Friday, March 30, 2007

Good people have become a defeated class in Blair's Britain

"...Such a development could not have taken place overnight. My wife, who is French, was attracted to the culture of this country because, as late as 1979 or 1980, the people, including administrators in hospitals, were obviously upright, whatever else their failings might have been. A quarter of a century later, all that has changed; deviousness, ruthlessness, an eye fixed on the main chance, sanctimony in the midst of obvious wrongdoing, toadying and bullying have become the ruling characteristics of the British people, or at least those of them who are in charge of something. The old virtues - stoicism, honesty, fortitude, irony, good humour and so forth - can still be found, but only in people who are of no importance, at least in the public administration. If I may put it very strongly, good people are like a defeated class in this country.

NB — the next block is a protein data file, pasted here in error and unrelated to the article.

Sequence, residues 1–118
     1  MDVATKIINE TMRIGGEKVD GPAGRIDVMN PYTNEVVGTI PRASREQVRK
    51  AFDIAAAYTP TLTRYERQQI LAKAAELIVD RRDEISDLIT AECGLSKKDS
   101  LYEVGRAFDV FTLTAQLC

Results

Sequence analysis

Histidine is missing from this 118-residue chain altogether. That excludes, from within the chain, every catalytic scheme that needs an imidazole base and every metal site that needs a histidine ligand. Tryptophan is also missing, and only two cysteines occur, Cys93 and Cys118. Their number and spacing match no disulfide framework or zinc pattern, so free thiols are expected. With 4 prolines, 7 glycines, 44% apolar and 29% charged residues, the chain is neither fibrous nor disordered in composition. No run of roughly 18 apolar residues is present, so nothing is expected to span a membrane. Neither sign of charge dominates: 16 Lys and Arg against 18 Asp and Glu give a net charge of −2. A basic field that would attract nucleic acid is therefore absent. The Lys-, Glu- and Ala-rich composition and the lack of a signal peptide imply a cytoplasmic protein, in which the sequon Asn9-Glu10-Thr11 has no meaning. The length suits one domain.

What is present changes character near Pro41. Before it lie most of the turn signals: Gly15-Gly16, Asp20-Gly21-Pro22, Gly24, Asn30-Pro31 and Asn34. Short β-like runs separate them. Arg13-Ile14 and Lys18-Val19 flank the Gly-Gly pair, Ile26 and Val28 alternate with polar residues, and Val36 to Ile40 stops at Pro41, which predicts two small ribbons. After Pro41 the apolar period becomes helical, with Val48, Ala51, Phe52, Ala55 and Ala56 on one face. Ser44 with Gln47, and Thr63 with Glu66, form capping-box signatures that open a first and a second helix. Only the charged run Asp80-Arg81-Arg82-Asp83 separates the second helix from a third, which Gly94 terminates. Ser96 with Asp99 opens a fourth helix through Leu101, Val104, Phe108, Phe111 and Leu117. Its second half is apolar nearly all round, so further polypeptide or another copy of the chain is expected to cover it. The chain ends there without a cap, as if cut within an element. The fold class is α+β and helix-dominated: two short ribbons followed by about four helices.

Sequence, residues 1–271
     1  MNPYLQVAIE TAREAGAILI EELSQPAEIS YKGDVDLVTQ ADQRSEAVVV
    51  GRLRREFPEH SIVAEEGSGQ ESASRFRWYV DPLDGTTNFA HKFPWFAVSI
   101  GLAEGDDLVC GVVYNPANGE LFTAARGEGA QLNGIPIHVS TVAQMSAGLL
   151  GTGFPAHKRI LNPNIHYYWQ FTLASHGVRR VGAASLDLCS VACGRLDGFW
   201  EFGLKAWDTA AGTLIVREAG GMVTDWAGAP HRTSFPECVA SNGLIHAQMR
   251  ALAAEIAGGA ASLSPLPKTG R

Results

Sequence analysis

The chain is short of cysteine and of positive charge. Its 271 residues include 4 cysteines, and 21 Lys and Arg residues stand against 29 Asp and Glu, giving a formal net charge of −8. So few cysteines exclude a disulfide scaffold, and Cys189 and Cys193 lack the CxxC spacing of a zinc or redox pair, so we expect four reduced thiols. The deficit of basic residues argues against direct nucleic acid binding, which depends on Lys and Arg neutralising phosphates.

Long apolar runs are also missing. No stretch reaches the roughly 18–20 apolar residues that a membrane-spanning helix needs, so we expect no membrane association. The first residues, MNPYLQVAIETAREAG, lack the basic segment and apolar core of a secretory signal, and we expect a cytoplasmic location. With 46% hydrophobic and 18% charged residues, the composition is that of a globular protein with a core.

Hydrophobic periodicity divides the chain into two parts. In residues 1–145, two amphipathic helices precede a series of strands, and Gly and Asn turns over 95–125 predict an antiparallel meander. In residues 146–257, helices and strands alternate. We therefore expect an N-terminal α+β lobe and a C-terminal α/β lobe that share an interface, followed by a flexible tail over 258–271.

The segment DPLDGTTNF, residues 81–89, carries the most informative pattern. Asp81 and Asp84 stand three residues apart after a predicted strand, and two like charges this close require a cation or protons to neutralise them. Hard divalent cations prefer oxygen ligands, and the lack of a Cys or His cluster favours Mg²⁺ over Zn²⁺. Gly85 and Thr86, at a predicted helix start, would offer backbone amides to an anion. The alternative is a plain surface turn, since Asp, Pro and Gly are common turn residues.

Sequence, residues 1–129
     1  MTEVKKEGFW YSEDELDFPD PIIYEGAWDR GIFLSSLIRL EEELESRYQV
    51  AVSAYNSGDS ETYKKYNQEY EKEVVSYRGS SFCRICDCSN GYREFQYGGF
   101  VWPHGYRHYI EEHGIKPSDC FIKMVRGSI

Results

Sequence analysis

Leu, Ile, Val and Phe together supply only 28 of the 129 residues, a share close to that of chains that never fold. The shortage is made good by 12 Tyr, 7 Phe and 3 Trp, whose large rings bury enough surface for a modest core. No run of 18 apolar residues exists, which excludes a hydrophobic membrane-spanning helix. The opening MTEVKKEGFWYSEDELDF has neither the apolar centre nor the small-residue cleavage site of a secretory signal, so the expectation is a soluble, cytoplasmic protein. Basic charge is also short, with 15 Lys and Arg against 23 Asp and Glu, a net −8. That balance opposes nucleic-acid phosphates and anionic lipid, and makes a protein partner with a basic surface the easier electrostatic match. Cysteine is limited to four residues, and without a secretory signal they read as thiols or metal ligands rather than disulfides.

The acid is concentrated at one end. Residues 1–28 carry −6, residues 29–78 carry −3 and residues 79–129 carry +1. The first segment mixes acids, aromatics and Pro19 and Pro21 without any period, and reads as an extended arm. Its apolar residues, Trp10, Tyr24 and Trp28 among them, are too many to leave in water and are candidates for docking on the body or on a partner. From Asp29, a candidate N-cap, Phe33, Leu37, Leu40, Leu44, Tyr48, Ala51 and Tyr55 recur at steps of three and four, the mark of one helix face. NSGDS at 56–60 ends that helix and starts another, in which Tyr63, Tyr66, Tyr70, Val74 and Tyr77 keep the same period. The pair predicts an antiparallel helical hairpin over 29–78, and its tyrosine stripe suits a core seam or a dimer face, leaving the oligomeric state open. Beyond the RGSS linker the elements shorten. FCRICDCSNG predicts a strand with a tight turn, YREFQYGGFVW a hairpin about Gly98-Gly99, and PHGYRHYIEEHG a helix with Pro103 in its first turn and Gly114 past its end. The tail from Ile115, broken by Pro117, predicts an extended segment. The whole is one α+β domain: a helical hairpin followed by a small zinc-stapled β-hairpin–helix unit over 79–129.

How has this all happened? I think that the spread of tertiary education has had quite a lot to do with it. First, it created a very large class of people who had to be found white collar jobs, since there is nothing more dangerous for a society's stability than a large number of unemployed people who consider themselves to be intellectuals. The obvious way to absorb such people was the expansion of the public service.

Second, the expansion of tertiary education resulted in the over-intellectualisation of society. Unfortunately, the average or median level of intellectual activity was very poor, but it meant that the concept of virtue in society changed. Henceforth, virtue was not the exercise of discipline, self-control or benevolence for the sake of others, but the expression of the right opinions of the moment. This could not have been better illustrated than in the case of the Conservative front-bencher, a former colonel who was very much liked and respected by his black soldiers, several of whom he promoted, and who defended him vigorously, who said something marginally unacceptable (its truth or untruth was not important), and had to be sacked as a consequence. Sticks and stones may not break my bones, but words will always hurt me.

When words become the test of virtue, they also become the masks of vice. That is why sanctimony and ruthless self-interest are such powerful allies."